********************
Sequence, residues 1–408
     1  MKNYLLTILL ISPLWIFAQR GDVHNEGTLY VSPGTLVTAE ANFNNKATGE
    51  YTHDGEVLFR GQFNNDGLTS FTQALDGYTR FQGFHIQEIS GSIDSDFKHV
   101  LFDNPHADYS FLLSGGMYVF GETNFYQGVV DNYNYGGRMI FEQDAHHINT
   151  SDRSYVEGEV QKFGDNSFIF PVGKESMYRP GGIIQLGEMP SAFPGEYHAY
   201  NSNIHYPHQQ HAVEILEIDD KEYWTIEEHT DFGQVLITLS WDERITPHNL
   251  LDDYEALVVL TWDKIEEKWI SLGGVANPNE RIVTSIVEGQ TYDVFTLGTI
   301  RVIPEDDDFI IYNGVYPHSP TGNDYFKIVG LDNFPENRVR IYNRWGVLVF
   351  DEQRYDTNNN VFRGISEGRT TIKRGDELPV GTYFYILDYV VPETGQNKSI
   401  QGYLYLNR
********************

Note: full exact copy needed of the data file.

Sequence, residues 1–408
     1  MKNYLLTILL ISPLWIFAQR GDVHNEGTLY VSPGTLVTAE ANFNNKATGE
    51  YTHDGEVLFR GQFNNDGLTS FTQALDGYTR FQGFHIQEIS GSIDSDFKHV
   101  LFDNPHADYS FLLSGGMYVF GETNFYQGVV DNYNYGGRMI FEQDAHHINT
   151  SDRSYVEGEV QKFGDNSFIF PVGKESMYRP GGIIQLGEMP SAFPGEYHAY
   201  NSNIHYPHQQ HAVEILEIDD KEYWTIEEHT DFGQVLITLS WDERITPHNL
   251  LDDYEALVVL TWDKIEEKWI SLGGVANPNE RIVTSIVEGQ TYDVFTLGTI
   301  RVIPEDDDFI IYNGVYPHSP TGNDYFKIVG LDNFPENRVR IYNRWGVLVF
   351  DEQRYDTNNN VFRGISEGRT TIKRGDELPV GTYFYILDYV VPETGQNKSI
   401  QGYLYLNR